a Schematic illustration of structure of a TTM hexamer. b Schematic of 2D lattices formation by TTM self-assembly. Reproduced with permission from Ref. [15]. Copyright 2015 American Chemical Society

Brodin et al. [16] developed a method by using directional metal coordination bonds to control protein self-assembly. As shown in Fig. 2, they demonstrated that a designed variant of the monomeric electron transfer protein cytochrome cb562, referred to as RIDC3, could self-assemble into 1D nanotubes or 2D and 3D arrays just through Zn2+ and pH coordination. Further study [17] by them showed that 2D Zn-directed RIDC3 assemblies could maintain their structural stability even in several polar organic solvents or at high temperature (~ 90 °C). It is well to be reminded that helical 1D RIDC3 nanotubes could convert into multilayered 2D arrays just through heating above 70 °C.
Fig. 2

Schematic view of Zn2+-mediated self-assembly of monomeric RIDC3 into 1D nanotubes and 2D and 3D arrays. Reprinted with permission from Ref. [16]. Copyright 2012 Macmillan Publishers Limited, part of Springer Nature

By taking advantage of both directional metal-protein coordination and nonspecific protein-protein interactions, Bai et al. [18] developed a solution to control the self-assembly behaviors of protein accurately. A series of highly ordered S-transferase (GST) nanorings with different diameters had been obtained through altering the Ni2+ strength of the solution in a certain range.

Amyloid fibrils generally possess very high mechanical strength and good adhesion capability to various substrates. By using simple assembly techniques, amyloid fibrils can create 2D amyloid nanostructures in diversity. For instance, the manipulation of the assembly of a classical globular protein, lysozyme, could serve as a kind of typical amyloid aggregation structure.

As shown in Fig. 3, Knowles et al. [19] fabricated free-standing amyloid protein films through a two-step self-assembly process using hen egg white lysozyme as raw material. The well-ordered films were so rigid that their Young’s modulus reached up to 5–7 GPa. Meanwhile, it can be functionalized with fluorophores just by simple mixing and stirring.
Fig. 3

a Schematic of the formation process of nanostructured protein film through two-step self-assembly. b AFM images of the lysozyme fibrils. c SEM images of the resulting free-standing protein film. Reprinted with permission from Ref. [19]. Copyright 2010 Macmillan Publishers Limited, part of Springer Nature

In recent years, much significant progress on the theory and applications of amyloid-like protein assembly has been made by Yang’s group [20, 21, 22, 23, 24, 25, 26]. With deeply understanding the mechanism of the novel phase transition process of lysozyme, they discovered that the amyloid-like assembly of typical globular proteins, e.g., lysozyme could be rapidly achieved after efficiently reducing their disulfide bonds by Tris (2-Carboxyethyl) phosphine (TCEP) under quasi-physiological condition. TCEP is known for its good reduction ability of disulfide bonds of biomolecules in various environments [20]. When mixing TECP with lysozyme in a neutral buffer, TCEP could effectively break down the disulfide bond of lysozyme chain; meanwhile, α-helix of native lysozyme was unfolded into β-sheet structure [21], resulting in the formation of insoluble amyloid nanospheres. Therefore, with stepwise nucleation and fusion, 2D assembled nanofilm of phase-transitioned lysozyme (PTL) will be formed gradually if the concentrations of lysozyme and TECP are enough.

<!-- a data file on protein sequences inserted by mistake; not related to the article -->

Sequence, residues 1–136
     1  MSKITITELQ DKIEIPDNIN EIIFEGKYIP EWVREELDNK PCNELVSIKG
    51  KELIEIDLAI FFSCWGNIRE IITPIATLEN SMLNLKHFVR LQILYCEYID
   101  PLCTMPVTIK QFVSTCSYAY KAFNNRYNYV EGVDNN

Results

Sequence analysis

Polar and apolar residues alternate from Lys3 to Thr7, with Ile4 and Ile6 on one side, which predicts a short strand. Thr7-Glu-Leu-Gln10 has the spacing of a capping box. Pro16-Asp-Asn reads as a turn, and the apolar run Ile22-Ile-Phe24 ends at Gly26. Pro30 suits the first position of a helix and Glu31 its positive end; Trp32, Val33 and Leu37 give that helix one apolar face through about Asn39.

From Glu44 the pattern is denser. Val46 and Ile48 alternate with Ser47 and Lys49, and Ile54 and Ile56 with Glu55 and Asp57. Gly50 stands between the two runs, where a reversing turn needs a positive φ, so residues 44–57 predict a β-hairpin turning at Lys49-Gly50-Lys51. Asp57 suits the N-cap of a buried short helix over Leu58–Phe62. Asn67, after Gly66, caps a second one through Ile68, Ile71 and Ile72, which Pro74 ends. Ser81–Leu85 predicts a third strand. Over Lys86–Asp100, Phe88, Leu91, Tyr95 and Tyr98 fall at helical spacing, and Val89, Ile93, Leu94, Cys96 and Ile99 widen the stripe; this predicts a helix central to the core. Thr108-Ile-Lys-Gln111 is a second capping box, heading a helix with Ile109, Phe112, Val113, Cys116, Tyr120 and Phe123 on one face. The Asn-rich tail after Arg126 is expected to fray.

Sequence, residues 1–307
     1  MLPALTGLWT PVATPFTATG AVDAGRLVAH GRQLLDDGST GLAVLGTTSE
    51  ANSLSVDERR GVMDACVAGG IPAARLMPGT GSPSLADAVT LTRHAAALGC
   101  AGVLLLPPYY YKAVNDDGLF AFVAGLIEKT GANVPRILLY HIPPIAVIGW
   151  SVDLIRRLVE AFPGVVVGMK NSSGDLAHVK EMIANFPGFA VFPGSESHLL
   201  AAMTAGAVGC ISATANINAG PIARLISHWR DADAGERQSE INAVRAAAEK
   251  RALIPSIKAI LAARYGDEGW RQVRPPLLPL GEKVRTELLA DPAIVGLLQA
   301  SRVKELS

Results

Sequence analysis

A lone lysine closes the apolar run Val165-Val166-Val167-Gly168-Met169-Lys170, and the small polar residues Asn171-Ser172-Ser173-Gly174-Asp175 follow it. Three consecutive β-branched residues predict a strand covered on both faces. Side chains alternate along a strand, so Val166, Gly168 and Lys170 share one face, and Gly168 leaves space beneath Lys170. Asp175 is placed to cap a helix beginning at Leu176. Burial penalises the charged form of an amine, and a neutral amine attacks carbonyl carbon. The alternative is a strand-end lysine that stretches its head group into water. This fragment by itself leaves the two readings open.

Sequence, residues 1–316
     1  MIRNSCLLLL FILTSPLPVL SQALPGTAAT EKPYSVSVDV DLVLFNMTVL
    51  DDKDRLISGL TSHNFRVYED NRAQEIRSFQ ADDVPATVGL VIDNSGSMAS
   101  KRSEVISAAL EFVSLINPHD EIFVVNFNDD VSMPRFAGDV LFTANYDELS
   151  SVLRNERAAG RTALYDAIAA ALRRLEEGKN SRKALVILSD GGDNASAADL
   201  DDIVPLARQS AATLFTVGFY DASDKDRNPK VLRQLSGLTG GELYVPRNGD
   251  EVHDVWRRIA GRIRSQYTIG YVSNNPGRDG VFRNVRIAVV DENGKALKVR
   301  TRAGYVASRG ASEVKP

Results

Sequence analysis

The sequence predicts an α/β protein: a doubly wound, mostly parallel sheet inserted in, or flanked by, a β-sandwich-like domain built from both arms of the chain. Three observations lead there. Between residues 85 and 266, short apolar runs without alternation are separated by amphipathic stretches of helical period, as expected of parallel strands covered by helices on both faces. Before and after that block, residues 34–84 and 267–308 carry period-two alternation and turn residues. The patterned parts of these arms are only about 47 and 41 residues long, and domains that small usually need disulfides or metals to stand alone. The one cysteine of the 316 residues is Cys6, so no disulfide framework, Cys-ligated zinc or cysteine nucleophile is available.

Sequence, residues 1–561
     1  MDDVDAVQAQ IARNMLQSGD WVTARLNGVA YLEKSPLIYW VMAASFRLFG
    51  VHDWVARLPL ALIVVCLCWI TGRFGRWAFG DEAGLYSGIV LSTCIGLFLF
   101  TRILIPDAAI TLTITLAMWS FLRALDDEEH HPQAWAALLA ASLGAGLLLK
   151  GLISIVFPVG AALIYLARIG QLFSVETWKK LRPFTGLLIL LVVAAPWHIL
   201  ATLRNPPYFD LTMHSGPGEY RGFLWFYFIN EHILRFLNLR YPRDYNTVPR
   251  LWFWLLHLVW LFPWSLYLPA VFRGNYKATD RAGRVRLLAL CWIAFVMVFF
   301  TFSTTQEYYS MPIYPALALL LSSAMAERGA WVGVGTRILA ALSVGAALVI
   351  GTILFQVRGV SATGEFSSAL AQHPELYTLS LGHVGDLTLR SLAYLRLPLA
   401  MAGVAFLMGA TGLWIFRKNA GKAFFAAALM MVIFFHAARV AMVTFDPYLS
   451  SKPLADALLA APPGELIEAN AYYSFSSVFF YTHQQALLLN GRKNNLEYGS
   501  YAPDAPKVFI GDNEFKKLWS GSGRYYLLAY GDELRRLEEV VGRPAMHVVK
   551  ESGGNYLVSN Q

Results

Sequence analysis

As shown in Fig. 4, the PTL film could be coated or transferred on the surface of various materials [24]. What make their research different is that a macro-scale size free-floating film could be fabricated only by simple one-step aqueous assembly in minutes. In addition, the film can be readily transferred onto solid surface with stable adhesion strength just by mere solution-dipped method or a simple contact-printing strategy assisted by agarose hydrogel.
Fig. 4

a The strategies to form PTL film on the solid/liquid interface. b Schematic representation of PTL film formation at the vapor/liquid interface. c The schematic illustration of depositing the PTL film onto water-sensitive substrates by using contact-printing technique. Reprinted with permission from Ref. [24]. Copyright 2016 WILEYVCH Verlag GmbH & Co. KGaA, Weinheim

It is worth mentioning that the interfacial adhesion mechanism of such new kind of amyloid-like PTL nanofilm onto many model surfaces have been proposed by Yang’s group [25]. As shown in Fig. 5, between different polar or nonpolar abiotic surfaces and PTL film, there are different binding strengths, such as metal-sulfur coordination bonding, hydrogen bonding, electrostatic interaction/hydrogen bonding, and hydrophobic interaction. Besides the bondings or interactions mentioned above, the surface roughness can influence the adhesion capability of the PTL film. The numerical values of root mean square (RMS) measured by atomic force microscopy (AFM) has been used to express the surface roughness of the nanofilm [24]. And RMS of the film can be flexibly tuned by incubation time, the concentrations of TCEP and lysozyme, or pH of the solution. In general, the larger RMS leads to higher adhesion.